The announcement by Pope Benedict XVI that he was stepping down as world leader of the Catholic Church came as a surprise to many people here, including church followers and the clergy.
“Let’s come together and pray for the Church,” said Rev. Father Achilleus T. Rwehumbiza of the Bukoba Diocese in northwestern Tanzania after getting the news on the Internet.
Given the limited communication technologies on the ground, the Pope’s resignation found officials of the Tanzania Episcopal Conference (TEC) unprepared for immediate reaction.
“We have just received the news and our leadership has not discussed the matter because the President of TEC is in Iringa (southern Tanzania). But, I hope after a while we shall issue a statement on this issue,” Father Anthony Makundi, TEC Secretary General, told PANA.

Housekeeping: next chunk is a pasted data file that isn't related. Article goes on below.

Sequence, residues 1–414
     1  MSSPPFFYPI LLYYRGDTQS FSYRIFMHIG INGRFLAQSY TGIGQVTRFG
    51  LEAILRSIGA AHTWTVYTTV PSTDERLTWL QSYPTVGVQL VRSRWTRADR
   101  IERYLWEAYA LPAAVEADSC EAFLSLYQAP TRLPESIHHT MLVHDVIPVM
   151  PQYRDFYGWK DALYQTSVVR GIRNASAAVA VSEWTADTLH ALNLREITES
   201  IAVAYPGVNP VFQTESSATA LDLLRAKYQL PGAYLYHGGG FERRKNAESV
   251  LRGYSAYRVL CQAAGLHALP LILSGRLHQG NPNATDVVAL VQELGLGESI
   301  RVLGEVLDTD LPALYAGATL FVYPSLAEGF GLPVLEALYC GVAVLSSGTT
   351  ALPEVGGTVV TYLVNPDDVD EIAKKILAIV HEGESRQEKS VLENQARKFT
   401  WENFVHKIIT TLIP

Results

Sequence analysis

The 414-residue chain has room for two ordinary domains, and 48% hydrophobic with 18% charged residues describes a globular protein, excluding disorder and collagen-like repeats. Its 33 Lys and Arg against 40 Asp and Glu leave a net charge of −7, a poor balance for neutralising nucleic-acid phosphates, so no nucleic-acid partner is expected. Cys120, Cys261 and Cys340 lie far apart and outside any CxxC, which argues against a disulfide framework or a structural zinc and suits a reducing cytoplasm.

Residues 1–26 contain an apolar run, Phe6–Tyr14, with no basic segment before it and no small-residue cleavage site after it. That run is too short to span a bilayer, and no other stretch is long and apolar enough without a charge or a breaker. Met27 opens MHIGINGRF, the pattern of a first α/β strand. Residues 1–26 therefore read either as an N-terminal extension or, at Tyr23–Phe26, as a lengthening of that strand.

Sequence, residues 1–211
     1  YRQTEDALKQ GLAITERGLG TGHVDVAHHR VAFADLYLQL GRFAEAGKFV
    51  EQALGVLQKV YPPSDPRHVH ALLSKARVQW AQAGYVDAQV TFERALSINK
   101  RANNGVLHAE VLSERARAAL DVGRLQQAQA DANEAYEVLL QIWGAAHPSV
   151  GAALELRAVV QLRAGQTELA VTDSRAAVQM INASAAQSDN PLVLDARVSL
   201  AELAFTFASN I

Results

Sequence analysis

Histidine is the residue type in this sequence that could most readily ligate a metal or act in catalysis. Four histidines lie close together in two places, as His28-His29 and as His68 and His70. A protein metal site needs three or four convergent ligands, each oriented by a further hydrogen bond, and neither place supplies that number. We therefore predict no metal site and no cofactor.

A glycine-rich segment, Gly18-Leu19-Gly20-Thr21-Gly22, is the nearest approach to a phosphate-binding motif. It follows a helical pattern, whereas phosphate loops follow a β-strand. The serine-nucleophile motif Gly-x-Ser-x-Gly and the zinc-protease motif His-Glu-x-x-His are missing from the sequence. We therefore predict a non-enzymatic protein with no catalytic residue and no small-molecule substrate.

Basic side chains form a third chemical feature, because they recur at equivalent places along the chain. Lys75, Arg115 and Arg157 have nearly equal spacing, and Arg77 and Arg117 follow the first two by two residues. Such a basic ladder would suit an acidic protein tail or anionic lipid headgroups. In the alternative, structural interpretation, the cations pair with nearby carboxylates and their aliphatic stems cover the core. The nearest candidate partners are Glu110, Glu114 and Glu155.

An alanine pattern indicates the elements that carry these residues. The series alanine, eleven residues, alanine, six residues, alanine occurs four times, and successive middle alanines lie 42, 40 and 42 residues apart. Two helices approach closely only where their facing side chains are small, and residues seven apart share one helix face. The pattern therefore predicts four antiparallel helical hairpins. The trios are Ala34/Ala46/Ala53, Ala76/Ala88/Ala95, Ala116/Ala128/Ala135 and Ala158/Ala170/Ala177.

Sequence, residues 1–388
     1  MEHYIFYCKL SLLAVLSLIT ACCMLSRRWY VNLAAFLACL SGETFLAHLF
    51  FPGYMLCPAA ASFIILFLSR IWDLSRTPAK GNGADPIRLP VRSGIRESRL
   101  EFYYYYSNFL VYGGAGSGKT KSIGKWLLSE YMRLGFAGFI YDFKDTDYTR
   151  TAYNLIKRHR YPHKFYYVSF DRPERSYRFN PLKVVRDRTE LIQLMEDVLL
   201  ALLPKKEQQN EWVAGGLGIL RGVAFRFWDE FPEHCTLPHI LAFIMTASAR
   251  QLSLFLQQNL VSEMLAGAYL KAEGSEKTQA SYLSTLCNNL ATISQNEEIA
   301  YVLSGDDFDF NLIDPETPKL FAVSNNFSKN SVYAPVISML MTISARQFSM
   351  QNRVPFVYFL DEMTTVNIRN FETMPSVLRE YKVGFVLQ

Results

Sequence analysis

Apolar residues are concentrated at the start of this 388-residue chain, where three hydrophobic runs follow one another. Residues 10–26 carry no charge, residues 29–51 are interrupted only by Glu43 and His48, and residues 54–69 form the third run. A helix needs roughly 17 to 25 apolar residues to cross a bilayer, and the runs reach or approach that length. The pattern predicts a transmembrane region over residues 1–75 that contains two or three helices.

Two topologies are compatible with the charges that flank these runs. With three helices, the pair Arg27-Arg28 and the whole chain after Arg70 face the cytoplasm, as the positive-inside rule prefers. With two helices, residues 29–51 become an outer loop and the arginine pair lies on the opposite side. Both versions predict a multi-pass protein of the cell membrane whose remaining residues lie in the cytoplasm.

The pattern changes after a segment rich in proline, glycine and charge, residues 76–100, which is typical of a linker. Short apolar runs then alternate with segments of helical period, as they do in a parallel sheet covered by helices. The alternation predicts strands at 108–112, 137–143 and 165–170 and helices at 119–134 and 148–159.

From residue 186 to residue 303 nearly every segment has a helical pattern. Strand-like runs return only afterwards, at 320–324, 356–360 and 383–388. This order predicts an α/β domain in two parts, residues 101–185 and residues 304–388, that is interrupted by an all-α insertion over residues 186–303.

“It has taken us unawares and I hope the Vatican will explain the reason behind the Pope’s decision,” said Renatus Karumuna, a Catholic priest stationed in the Longido district of northern Tanzania, told PANA.
But after reading to him the full text of the Pope’s declaration, Karumuna expressed relief saying: “With this kind of approach, it will give way to his successor to relinquish the ministry in case of incapability or old age and let a new Supreme Pontiff be elected to face the challenges of heading the Church.”
Meanwhile, lay people also expressed similar feelings about the event.
“I suppose the subject should be ‘Pope’s retirement not resignation’. Resignation is somehow disturbing,” said Abraham Byamungu.
Enock Kamuzora, a retired academic, said that what the Pope has done, though unusual, is provided for in Canon 332 of the Code of Canon Law. There are several papal abdications in the history of the Catholic Church.
“That notwithstanding, the news is indeed earth-shattering,” Kamuzora added.